Hi … Can I add dark chocolate, as in a few squares of a Lindt 90% dark chocolate bar to the kefir for a second ferment? It has some “processed ingredients” so wasn’t sure if that would be okay to add in for the bugs to eat?? THANK YOU!!!

Reply
    Sarah Jackson says

    Hi Holly, I would keep it simpler than this and just buy some organic raw cacao powder (rich and bitter) or carob powder (sweeter and lighter in colour) for a chocolate taste. There’d be no need to second ferment using this method. Nice’n’easy and as healthy as you can get. 🙂 If you find raw cacao too bitter, you can mix it with carob and always add a date or two into the mix (or any fruit that goes well with chocolate) and blend them all together to make a tasty milk.

    Reply
Ben says

Oops, my 2nd ferment separated… Can I mix it back together or should I just use the curds and whey for other things?

Reply
    Sarah Jackson says

    Apologies for the delay in response Ben. And Happy New Year to you!

    To answer your question … you can do either.

    We strain my husband’s grains by simply using the normal method and just pouring the whey over the curds several times (after it’s strained through the sieve) to gently separate the grains from the curds. You can then either stir or blend the curds and whey back together.

    Alternatively, you could pour the mixture through muslin (hanging over a jug) and allow the curds to fully separate and use them to make cheese.

    Remember that whatever you do at this stage, the milk will be more sour than usual. You can overcome that by adding a little fresh milk (after removing the grains) – just for that batch – or second fermenting the milk with some fruit, to sweeten it up again. I have a blog post about that her on this blog. You will find it in the KEFIR series on the Main Menu Category list.

    Some people like to use whey for fermenting vegetables. I’d rather use salt and water myself, but it’s a personal preference. I’ve read that it can be quite oderous and perhaps the ferments don’t seem as appealing or maybe last as long. I don’t know for sure, as I’ve never used this method myself.

    Either way, if it happens again, have a play and see what you like best!

    Oh .. and to prevent this happening .. keep an eye on your ferment because you have either:

    * Fermented for too long
    * Are fermenting in a room that’s too warm so the process has speeded up
    * Have not used enough milk for the grains

    By reducing the grains in the jar from the start, you won’t strain the grains. They need milk sugars to survive and the milk can separate fairly quickly when you use too many grains to the volume of milk because there is too little food for them and that speeds the whole process up.

    I hope this helps!

    Reply
Kara says

Can you do a second fermentation with coconut milk kefir or is it only for the dairy version? Thanks.

Reply
    Sarah Jackson says

    Absolutely Kara. Experiment with flavours until you find what suits you. Orange works really well!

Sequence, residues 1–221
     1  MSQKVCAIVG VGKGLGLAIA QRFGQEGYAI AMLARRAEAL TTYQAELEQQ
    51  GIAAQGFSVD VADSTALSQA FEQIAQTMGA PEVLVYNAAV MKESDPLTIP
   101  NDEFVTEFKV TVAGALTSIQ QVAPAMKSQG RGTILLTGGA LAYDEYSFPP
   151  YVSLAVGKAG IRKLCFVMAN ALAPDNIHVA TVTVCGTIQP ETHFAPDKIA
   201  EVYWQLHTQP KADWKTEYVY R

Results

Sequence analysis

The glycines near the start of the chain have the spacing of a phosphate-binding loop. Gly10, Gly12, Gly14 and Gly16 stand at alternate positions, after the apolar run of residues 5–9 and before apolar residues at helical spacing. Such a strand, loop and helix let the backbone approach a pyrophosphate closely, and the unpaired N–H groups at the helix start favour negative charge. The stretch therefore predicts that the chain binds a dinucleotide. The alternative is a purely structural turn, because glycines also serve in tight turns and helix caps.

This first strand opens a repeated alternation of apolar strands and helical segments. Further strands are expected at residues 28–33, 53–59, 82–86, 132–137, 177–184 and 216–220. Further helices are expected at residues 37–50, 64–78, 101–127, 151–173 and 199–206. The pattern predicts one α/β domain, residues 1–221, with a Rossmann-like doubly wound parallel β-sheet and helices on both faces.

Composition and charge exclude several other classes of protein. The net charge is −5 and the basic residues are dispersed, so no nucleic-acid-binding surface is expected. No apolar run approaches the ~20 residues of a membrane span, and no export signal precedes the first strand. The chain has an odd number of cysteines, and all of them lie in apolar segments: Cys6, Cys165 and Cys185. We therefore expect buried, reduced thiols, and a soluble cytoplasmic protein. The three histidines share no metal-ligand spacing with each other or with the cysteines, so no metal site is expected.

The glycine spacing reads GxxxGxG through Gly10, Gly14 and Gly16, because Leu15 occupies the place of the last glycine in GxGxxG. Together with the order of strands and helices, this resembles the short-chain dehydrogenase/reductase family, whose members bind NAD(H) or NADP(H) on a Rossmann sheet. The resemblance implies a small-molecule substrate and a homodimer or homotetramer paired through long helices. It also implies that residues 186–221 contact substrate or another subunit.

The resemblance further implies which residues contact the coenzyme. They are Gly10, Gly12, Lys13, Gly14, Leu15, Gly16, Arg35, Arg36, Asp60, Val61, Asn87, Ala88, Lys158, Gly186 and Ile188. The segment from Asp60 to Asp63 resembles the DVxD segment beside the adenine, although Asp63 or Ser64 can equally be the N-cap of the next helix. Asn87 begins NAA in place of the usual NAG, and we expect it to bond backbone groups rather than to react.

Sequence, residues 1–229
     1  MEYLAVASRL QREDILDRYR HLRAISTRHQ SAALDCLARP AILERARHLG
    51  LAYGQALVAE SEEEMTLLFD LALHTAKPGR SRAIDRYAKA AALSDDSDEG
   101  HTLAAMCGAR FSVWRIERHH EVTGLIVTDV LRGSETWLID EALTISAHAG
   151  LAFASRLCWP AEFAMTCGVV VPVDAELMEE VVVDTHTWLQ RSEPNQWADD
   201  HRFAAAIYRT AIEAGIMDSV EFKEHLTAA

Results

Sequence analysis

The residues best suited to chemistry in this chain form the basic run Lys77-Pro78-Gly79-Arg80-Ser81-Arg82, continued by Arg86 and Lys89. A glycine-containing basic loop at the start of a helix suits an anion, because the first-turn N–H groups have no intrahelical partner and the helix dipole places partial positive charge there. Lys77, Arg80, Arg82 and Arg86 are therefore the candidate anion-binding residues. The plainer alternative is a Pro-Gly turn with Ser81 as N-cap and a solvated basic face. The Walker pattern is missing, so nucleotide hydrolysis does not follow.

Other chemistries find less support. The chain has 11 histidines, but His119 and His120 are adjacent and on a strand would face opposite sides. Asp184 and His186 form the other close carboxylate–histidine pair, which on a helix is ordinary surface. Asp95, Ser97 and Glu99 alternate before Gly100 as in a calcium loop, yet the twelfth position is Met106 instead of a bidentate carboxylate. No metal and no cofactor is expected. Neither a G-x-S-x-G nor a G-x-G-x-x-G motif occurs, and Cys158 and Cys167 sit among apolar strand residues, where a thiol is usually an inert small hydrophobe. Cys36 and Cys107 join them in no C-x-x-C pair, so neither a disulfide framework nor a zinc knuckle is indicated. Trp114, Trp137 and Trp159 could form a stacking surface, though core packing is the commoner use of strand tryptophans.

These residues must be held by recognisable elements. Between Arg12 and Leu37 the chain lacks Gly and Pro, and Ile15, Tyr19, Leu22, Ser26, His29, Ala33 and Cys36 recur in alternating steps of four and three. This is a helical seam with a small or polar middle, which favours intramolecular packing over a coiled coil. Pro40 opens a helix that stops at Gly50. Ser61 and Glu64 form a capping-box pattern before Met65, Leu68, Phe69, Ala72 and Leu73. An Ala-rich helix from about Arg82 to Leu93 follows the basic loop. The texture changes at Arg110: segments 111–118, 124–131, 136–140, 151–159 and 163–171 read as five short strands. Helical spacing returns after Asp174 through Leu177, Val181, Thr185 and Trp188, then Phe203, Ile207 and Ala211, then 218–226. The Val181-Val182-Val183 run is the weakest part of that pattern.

Reply
      Kara says

      Awesome! Thank you so much.

      Reply
        Sarah Jackson says

        My pleasure. 🙂 Have fun and please feel welcome to ask away if you have any more questions.

        Reply
Veronica says

I have seen many websites and they differ on tight covering or loose covering for second fermentation. What have you found works for you?

Reply
    Sarah Jackson says

    Hi Veronica. I have added fruit to the fridge jug (which has a loose lid – ie an open aperture through which to pour the milk) poured the freshly fermented milk over it and left it on the worktop at room temp, then left it the same way in the fridge. I would imagine if you use a canning jar it may fizz more and potentially become more explosive, like water kefir. Not sure if the milk would keep it calmer. Anyway, this method worked for me, so I stuck with it. I used thick sliced of fruit and also, on some occasions, squeezed a little juice in directly from the orange as well. It takes time to infuse and strengthens in the fridge.

    Reply
Gail says

I’ve read that you should remove the fruit from the 2nd ferment of milk Kefir, WHY?

Reply
    Sarah Jackson says

    When I’ve second fermented, I’ve left mine in the jar and it’s worked perfectly Gail. The flavour increases that way, whilst the milk is sitting in the fridge. My feelings about fermenting is that there is no ‘should’ or ‘shouldn’t.’ There are certain practices that are required to create successful ferments. Within those practices there’s also room for creativity and experimentation. Try it both ways and see which you prefer and that will be perfect for you. 🙂

    Reply
Gennie says

I love eating sour cream dips (sour cream flavoured with some kind of relish.) on my fresh vegies. Have you tried flavouring milk kefir with savoury chutneys? Does it go runny and what does the vinegar content do to the probiotics.

Reply
    Sarah Jackson says

    I haven’t Gennie. I don’t use cow’s products and didn’t enjoy either goat or sheep’s kefir when I made them, so I don’t make sour cream. I have, however, made chutneys without the use of vinegar. I’m sure if you used this type of chutney it would be fine. I’m going to put together a mini Ebook/PDF soon that you’ll be able to buy for a small sum .. and will include a chutney recipe for you to try. 🙂

    Reply